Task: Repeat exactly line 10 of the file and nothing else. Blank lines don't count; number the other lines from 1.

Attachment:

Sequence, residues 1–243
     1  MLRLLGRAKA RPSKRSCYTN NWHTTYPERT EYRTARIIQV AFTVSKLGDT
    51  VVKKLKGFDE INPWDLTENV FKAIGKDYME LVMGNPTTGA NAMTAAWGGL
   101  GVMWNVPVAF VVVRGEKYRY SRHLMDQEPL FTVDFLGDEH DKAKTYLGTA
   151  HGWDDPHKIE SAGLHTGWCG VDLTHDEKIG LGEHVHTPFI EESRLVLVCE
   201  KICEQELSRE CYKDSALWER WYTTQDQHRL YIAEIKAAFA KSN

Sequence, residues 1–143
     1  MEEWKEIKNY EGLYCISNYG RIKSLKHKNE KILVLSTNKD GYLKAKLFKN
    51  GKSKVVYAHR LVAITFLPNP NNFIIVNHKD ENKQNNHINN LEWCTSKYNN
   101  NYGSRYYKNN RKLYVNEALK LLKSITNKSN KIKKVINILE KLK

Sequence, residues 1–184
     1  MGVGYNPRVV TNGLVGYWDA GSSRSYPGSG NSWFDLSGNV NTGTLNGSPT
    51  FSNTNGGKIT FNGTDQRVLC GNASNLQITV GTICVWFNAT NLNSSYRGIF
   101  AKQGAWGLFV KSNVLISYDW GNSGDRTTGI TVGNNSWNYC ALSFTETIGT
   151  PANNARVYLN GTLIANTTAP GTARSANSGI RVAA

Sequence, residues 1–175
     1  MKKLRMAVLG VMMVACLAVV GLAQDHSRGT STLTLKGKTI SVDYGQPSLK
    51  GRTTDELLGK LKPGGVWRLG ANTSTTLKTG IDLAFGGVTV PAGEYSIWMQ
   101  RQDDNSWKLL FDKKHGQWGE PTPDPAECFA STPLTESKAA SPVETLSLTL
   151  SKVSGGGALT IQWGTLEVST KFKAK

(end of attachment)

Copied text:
   101  NYGSRYYKNN RKLYVNEALK LLKSITNKSN KIKKVINILE KLK